XRISM mission is scheduled to start this weekend.

XRISM mission is scheduled to start this weekend


On August 26, 2023, it will be an important date in astronomy, as it is the day that the X-Ray Imaging and Spectroscopy Mission (XRISM) is set to begin its mission. The mission is ambitious and aims to detect the most intense phenomena and objects within the universe, showing the development of the universe as well as the structure of time and space.

XRISM is a collaborative effort with scientists from the Japan Aerospace Exploration Agency (JAXA), NASA, and the European Space Agency (ESA), who are both heavily involved in this project. In the course of this cooperation, ESA will receive 8 percent of the time on XRISM as a payment for technical and scientific assistance. This will permit European scientists to develop celestial sources that can be observed by X-rays and to advance in the field of astronomy.

“X-ray astronomy” allows us to examine the most intense phenomena that occur in the universe. It’s crucial to answer crucial questions in contemporary astrophysics, such as how the biggest structures in the universe changed, how the stuff that we’re made up of was dispersed throughout the universe, and the way galaxies are formed by enormous black holes within their orbits. Centers,” says Matteo Guainazzi, XRISM project scientist at ESA.

“XRISM is a great connection between two other ESA space X-ray missions: XMM Newton and XMM-Newton, both of which are still in operation after 24 years in space, and Athena, which is scheduled to start in the later 2030s.”

The hot and dynamic universe

While when we glance at the sky, we are able to see galaxies and stars, this type of observation provides very little insight into the functioning of the universe. What isn’t visible to viewers is the emitting X-ray gas within galaxies and between stars, which could reveal a lot more to us.

In the X-ray zone, X-rays emit in the most intense explosions and also within the most sweltering regions of the universe. This is the case with superhot gas, which is the most massive component of the universe, which is galaxy clusters. JAXA is developing XRISM to measure the X-ray light emitted by the gas. This helps astronomers estimate the mass of all these structures and provide information about their origins and development in the universe.

XRISM images of galaxies could reveal the ways in which the universe generated and distributed chemical elements. The hot gas found in the clusters is a relic that was created by the birth or death of stars through the evolution of the universe. Through studying the X-rays produced by the gas, XRISM will reveal the nature of “metals” (elements larger than helium and hydrogen) and the way the universe was enriched by them.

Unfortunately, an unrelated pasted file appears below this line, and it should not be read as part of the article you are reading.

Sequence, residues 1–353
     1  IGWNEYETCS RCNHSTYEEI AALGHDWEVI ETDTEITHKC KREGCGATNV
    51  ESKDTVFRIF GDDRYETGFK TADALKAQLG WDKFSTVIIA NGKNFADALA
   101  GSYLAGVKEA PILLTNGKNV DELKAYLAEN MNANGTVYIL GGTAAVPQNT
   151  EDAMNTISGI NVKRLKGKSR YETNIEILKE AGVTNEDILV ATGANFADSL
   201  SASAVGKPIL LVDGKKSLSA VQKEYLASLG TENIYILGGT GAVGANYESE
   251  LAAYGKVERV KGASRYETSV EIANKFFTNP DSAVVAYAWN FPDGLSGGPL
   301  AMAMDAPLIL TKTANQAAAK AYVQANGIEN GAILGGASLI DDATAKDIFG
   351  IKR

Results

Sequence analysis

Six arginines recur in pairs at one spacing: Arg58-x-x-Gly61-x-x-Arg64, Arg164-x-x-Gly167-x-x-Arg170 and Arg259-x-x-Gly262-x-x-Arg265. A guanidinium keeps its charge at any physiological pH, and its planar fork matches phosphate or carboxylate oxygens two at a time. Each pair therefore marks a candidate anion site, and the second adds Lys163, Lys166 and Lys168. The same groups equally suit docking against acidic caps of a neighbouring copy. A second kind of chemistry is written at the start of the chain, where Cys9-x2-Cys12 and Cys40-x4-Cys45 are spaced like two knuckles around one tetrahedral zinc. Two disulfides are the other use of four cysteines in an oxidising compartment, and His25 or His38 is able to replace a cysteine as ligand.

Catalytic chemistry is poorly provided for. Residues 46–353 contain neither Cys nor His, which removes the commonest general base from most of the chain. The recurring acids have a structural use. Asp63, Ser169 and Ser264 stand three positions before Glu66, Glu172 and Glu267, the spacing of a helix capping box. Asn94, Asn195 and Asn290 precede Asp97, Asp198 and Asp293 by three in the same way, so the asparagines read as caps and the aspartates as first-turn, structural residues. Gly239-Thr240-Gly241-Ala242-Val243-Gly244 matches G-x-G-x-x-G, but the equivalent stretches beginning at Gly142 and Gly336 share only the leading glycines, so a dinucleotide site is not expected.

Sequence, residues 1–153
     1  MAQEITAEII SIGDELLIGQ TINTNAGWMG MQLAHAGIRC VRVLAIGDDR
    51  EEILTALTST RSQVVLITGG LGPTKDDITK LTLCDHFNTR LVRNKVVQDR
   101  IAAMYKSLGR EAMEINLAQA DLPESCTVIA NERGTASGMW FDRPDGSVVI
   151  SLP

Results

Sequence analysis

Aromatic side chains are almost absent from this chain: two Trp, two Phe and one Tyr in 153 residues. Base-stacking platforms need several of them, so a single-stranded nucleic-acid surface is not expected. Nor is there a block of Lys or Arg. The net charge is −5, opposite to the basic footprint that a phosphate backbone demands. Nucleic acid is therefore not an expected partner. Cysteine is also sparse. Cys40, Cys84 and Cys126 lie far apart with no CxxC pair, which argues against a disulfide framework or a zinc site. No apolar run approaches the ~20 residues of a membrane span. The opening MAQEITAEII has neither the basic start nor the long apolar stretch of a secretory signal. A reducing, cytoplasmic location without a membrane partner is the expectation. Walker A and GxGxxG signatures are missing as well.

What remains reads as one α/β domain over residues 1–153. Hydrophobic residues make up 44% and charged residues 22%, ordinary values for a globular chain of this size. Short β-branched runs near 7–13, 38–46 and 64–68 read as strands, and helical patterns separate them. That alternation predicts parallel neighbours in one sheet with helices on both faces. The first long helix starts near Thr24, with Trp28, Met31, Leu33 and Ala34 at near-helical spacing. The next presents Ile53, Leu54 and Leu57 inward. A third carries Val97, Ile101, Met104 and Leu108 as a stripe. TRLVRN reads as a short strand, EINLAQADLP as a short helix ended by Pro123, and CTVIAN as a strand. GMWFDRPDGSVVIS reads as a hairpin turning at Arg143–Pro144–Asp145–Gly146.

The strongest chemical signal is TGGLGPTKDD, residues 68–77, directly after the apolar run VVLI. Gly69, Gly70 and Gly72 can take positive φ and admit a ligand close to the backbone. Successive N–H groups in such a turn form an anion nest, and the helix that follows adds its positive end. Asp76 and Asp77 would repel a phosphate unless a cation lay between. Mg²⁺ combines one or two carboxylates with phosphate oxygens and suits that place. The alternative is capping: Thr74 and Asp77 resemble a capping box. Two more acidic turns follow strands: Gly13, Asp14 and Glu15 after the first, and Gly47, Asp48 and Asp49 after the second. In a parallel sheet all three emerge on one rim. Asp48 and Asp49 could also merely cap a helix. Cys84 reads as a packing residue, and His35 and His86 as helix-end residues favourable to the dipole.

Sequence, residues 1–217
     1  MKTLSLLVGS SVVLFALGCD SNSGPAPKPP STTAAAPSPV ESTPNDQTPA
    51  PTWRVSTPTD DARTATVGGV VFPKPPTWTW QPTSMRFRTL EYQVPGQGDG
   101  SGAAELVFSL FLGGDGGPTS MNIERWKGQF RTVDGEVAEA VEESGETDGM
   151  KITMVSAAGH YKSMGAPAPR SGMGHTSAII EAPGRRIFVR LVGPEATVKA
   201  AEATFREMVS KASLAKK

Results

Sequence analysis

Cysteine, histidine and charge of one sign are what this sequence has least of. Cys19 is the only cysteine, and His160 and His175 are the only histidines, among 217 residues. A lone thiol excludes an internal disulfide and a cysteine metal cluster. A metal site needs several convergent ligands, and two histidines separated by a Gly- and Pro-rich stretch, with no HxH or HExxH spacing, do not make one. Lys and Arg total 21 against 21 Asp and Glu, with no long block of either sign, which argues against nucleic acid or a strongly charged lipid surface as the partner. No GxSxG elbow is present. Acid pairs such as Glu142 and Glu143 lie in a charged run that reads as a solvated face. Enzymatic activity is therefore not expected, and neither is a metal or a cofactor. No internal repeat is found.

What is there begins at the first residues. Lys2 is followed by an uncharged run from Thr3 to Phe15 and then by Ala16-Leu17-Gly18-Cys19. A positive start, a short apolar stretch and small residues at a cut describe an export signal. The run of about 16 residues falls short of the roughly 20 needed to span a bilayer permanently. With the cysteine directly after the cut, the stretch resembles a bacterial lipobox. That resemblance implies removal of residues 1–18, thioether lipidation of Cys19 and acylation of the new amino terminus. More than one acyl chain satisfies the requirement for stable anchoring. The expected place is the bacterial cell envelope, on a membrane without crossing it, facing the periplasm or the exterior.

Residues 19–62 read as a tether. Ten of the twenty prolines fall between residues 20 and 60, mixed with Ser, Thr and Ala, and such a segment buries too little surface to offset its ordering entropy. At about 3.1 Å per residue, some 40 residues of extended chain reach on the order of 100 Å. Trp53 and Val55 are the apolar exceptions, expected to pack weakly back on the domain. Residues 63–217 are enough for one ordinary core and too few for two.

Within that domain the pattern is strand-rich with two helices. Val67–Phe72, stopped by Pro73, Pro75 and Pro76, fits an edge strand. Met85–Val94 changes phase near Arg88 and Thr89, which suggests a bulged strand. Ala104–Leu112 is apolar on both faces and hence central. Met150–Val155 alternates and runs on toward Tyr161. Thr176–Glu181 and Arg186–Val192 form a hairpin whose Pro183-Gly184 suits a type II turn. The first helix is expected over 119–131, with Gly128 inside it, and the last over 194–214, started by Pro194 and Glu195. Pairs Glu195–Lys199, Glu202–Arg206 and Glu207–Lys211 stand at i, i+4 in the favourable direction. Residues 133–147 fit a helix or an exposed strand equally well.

While at it, XRISM will get closer to the X-ray-emitting objects that are on their own for a deeper dive into the fundamentals of physics. The mission will be able to measure the intensity of X-rays from extremely intense objects, like the supermassive black hole that is active and located in the centers of galaxies. This will allow us to better determine how these objects alter space-time and the extent to which they impact the galaxy they reside in via winds,” composed of particles that are ejected in a manner similar to that of light.

European contributions to an international effort

“ESA as well as the European community share a long history of collaboration with JAXA’s energy-efficient space telescopes,” Matteo explains. Matteo. “Continuing the collaboration via XRISM will be extremely beneficial for both agencies in space.”

The high-energy community of Europe has a high level of expertise. The members of the community have participated in the definition of the scientific goals of XRISM and were assigned by JAXA to select a number among the “test” cosmic objects to be observed by the mission in order to observe their performances before the test program starts. Science observation.

As well as this academic work, JAXA has entrusted Europe with the supply of several hardware elements that are essential for the successful mission. ESA provides a tested space optical telescope that will ensure XRISM will always know which direction it’s in, as well as two gadgets that can determine the magnetic field of Earth and guide the spacecraft in line with it.

Europa contributes to the Resolve instrument of XRISM, which will determine the amount of energy of photons incoming from X-rays. It will enable astronomers to determine the motion and temperature of the X-ray-emitting gas with unparalleled precision. Resolve is both a scientific and technology-based precursor to ESA’s planned Athena mission, which is expected to be a similar instrument.

The Resolve detector’s temperature remains cool; less than a fraction of a degree below absolute zero is essential; European industry provided the loop heat pipes that can handle this crucial mission. SRON, located in the Netherlands, supplied the instrument’s six-position filter wheel. Each filter could be used in the instrument for various purposes. The University of Geneva in Switzerland created the electronic components that control the wheel for filtering.